LAFAYETTE, La. – One Acadiana (1A) hosted partners from across the region and state at the UL Lafayette Student Union for a summit to kick off year two of the 55 by 25 educational attainment initiative.
More than 150 stakeholders attended the summit, including K-12 school district superintendents, higher education leaders, business leaders, nonprofit leaders, and other public officials.
The 55 by 25 initiative’s goal is to increase the proportion of working-age adults in Acadiana with postsecondary degrees, certificates, or other high-value credentials to 55% by 2025. As of the most recent Census data, Acadiana’s current rate is 38.5%, reflecting a 0.5 percentage point increase over the prior Census year.
The summit was moderated by Dr. Natalie Harder, Chancellor of SLCC, and Jim Bernard, Executive Director of Manufacturing for Stuller, Inc. The two serve as 1A’s Co-Chairs for Workforce & Education. Other speakers included Dr. Kim Hunter Reed, Louisiana’s Commissioner of Higher Education; Mark Willis of LHC Group; Chris Krampe of MacLaff, Inc.; and Dakota Pawlicki of Lumina Foundation.
As part of their recap of 2019 activities, Harder and Bernard unveiled a new “55 by 25 Accelerator Award” to recognize individuals or initiatives that have helped accelerate progress toward the 55 by 25 goal. They presented one of the two awards to the leaders of the Love Our Schools campaign, which raised more than $1.3 million and engaged more than 3,000 volunteers to support public schools in Lafayette. Love Our Schools was founded by Love Acadiana and the William C. Schumacher Family Foundation, with support from many other donors and partners.
They presented the other award to Superintendent Patrick Jenkins of St. Landry Parish Schools for his leadership on improving the transition from high school to college and career. This fall, Sup. Jenkins helped launch the St. Landry Parish Collegiate Technical Academy, with more than 200 students already enrolled. This innovative partnership with SLCC offers dually-enrolled students the opportunity to earn college technical diplomas in a variety of programs while on a high school campus.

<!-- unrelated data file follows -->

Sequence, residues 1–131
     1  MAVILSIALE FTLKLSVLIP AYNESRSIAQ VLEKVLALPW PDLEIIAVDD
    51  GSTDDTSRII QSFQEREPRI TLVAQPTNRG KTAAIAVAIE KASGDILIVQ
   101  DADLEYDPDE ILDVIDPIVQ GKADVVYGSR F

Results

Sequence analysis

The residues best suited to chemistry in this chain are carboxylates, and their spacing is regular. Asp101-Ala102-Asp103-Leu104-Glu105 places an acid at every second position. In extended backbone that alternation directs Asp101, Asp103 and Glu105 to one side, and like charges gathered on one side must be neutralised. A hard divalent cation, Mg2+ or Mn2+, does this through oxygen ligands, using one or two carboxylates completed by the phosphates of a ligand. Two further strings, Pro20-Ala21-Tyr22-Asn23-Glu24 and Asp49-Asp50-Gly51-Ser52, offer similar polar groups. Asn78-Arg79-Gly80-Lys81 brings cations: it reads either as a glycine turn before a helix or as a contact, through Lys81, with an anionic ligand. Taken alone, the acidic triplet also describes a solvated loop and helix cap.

Looking ahead to year two, a primary focus of the 55 by 25 initiative will be supporting adult learners, particularly the nearly one in five adults who have earned some college credit but no degree.
Related strategies include working with state officials on a National Governors Association grant to connect adult students with state services, coordinating regional involvement in the Degrees When Due initiative to improve degree completion, and promoting the University of Louisiana System’s “Compete LA” initiative to reengage adults with some college but no degree.
1A also launched a new employer engagement campaign called Bridging the Talent Gap, which will use data from employer and employee surveys to assess the regional talent landscape and opportunities for adults to further their education. The employer survey is open from now until March 10 at OneAcadiana.org/Survey.
“We are excited by the progress made by the 55 by 25 initiative in its first year,” said Troy Wayman, 1A President & CEO. “It’s clear that the goals of the initiative are resonating, and we look forward to keeping the momentum going in 2020. Not only will increasing educational attainment improve our business environment, it will also improve the earnings potential and quality of life of individuals throughout the Acadiana region.”